Agri SA Will Not Join Protest March To Union Buildings On Saturday

Agri SA has announced it will not be one of the joining the protest march to the Union Buildings in Pretoria on Saturday, because “crime-fighting should be an inclusive process” as it’s a problem which affects all South Africans.

Dan Kriek, Agri SA President of Agri SA, said it had consulted its member organisations who had, without exception, urged Agri SA not to participate in the protest.

The organisations that will be participating include civil rights organisation AfriForum, the trade union Solidarity, the agricultural union TAU SA, as well as opposition parties the DA, FF Plus and Cope.

Dr Dirk Hermann, Bennie van Zyl (TAU SA), Ernst Roets Dianne Kohler Barnard, dr Pieter Groenewald and Mosiuoa Lekota at the press conference on Tuesday, ahead of Saturday’s march.

Agri SA  – which has approximately 28 500 farmers members and protects the interests of almost 800 000 farm workers – cited reasons for not participating as being that the time isn’t right, the message that South Africans have had enough of crime has already been conveyed to the government on Black Monday, and a concern that the “inclusive nature of Black Monday might now be politicised” and those political undertones would not bring them closer to a solution.

Kriek said: “Food security is the outcome of a combined effort between commercial farmers, emerging farmers and farm workers and therefore it is important to find inclusive solutions to the crime problem.

“Our focus is now on working in a solution-driven manner. Now is the time for sober leadership and calmness. Civil society, including farmers and farmworkers, must join hands to expose crime at grassroots level within our own communities.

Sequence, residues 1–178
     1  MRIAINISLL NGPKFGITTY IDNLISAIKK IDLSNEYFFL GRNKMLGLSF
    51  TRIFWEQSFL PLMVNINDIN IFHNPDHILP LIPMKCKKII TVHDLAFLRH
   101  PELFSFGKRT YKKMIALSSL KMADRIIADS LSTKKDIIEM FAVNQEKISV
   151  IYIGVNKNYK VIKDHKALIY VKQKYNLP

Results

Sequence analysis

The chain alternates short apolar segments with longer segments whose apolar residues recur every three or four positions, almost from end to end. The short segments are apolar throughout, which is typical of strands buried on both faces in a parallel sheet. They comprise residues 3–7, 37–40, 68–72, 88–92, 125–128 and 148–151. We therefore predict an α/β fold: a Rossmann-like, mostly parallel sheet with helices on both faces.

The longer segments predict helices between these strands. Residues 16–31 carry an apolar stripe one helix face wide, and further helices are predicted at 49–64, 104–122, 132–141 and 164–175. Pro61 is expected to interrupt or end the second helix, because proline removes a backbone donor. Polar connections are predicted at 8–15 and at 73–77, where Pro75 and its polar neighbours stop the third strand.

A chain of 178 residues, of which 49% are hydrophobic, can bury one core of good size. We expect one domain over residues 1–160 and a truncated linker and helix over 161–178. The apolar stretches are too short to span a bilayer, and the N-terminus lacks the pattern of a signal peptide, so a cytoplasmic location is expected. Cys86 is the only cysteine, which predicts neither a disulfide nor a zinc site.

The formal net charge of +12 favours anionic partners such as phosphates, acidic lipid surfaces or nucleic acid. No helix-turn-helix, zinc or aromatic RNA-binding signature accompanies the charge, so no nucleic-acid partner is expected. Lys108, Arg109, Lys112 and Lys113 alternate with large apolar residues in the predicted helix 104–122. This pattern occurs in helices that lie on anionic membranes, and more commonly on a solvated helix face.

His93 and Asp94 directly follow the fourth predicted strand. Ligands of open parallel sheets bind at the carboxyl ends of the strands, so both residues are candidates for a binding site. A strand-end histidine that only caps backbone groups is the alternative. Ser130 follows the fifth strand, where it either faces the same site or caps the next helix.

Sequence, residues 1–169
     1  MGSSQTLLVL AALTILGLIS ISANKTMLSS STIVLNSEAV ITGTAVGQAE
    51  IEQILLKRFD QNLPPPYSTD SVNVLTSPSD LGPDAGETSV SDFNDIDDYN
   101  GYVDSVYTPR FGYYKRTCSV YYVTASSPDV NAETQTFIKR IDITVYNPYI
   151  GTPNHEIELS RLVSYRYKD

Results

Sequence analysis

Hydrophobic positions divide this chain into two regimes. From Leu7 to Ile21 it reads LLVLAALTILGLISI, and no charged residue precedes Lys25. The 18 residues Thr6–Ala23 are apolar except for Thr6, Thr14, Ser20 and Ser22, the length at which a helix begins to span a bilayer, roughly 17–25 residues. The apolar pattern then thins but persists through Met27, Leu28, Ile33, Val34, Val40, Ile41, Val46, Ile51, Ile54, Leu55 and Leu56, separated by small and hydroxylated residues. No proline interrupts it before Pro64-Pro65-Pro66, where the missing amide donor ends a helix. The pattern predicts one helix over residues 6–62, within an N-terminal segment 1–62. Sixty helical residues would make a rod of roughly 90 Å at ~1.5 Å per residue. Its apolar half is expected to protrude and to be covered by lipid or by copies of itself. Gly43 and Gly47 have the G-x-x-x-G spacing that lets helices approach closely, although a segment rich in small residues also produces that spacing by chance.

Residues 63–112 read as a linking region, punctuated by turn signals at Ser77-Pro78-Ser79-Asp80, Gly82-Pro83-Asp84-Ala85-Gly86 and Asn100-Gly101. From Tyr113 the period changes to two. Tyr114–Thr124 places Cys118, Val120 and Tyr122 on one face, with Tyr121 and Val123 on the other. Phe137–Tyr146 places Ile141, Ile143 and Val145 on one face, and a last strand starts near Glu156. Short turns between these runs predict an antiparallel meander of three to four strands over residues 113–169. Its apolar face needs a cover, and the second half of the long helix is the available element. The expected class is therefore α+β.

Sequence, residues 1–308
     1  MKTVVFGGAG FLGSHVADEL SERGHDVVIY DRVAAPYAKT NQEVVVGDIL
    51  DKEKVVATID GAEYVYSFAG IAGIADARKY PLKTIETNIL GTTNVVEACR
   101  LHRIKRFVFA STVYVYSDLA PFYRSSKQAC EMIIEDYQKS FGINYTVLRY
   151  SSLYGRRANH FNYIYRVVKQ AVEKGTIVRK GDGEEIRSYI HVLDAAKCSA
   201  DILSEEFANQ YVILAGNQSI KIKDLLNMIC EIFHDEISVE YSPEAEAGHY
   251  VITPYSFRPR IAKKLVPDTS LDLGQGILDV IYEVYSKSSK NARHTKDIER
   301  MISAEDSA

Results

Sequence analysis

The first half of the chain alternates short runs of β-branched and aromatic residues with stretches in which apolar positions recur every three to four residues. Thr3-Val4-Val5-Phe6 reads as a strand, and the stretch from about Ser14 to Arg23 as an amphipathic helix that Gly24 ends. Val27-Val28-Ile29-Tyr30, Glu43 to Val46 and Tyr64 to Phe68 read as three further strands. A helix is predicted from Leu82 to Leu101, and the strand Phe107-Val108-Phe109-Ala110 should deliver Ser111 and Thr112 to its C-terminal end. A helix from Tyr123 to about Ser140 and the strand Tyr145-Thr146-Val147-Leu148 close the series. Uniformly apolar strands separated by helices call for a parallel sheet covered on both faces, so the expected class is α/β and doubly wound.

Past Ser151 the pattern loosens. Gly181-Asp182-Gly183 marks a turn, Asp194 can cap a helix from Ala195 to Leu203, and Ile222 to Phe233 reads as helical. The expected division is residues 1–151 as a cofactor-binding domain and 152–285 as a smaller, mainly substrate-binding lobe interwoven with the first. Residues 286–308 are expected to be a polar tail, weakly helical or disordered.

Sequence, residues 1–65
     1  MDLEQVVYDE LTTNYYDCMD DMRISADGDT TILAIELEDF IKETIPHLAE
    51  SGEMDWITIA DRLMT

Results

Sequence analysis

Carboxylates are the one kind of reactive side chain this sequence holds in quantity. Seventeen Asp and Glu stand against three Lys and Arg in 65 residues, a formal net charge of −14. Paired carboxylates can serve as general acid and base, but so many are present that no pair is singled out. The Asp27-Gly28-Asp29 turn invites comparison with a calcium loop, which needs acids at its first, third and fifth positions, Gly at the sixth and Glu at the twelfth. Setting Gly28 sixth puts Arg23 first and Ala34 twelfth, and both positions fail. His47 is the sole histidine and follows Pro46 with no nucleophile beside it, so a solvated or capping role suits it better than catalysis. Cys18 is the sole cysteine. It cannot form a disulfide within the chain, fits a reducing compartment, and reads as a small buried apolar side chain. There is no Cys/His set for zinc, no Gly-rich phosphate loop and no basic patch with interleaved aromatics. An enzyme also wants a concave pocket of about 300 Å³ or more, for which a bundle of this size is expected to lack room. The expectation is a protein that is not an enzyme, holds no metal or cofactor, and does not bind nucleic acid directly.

“Farmers want to participate inclusively in the process of finding solutions to the massive crime problem and to bring home the message that they are dissatisfied with how crime is currently dealt with…

“We are working with the police to find solutions to effectively implement strategies and policies to improve rural safety.”

 Agri SA said it understands that farming communities are frustrated, but “now is the time to stand together to combat this evil inclusively. Crime can divide us. We should rather use it as an opportunity to participate in discussions where everyone is involved.”

During a press conference yesterday, Ernst Roets, Deputy CEO of AfriForum, said: “Farm murders are a national crisis and need to be handled as such.”

He said AfriForum does not believe that the lives of farmers and farmworkers are more important than those of other citizens, but that this community is being targeted disproportionately and that the attacks are having an exceptional impact on the country.

“The uniqueness of farm murders justifies a focused counterstrategy.”

He said at least 80 farm murders have been committed since the beginning of the year.

The protest march will start Saturday, 25 November 2017 at 10:00 at the Pretoria Art Museum. Protestors will then march to the Union Buildings.

Agri SA and AfriForum

Enjoyed this post? Share it!